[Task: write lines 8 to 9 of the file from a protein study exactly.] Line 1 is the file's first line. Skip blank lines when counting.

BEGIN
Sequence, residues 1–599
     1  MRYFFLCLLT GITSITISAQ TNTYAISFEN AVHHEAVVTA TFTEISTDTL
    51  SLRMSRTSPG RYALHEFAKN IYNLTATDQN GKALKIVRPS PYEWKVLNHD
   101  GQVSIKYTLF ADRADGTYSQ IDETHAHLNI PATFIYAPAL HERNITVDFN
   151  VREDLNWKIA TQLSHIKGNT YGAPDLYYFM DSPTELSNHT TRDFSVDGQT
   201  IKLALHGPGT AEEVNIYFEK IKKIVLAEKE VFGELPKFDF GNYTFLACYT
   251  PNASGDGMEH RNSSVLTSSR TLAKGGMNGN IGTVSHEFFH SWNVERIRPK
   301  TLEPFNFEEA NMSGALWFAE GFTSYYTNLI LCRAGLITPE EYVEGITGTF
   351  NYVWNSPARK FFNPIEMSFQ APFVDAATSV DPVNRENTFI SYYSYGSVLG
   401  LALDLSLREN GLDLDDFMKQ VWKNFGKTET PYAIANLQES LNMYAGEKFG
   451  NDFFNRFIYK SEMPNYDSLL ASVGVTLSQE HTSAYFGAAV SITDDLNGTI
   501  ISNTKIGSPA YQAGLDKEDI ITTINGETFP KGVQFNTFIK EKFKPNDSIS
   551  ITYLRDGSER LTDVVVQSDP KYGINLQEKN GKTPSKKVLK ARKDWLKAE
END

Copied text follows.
   301  TLEPFNFEEA NMSGALWFAE GFTSYYTNLI LCRAGLITPE EYVEGITGTF
   351  NYVWNSPARK FFNPIEMSFQ APFVDAATSV DPVNRENTFI SYYSYGSVLG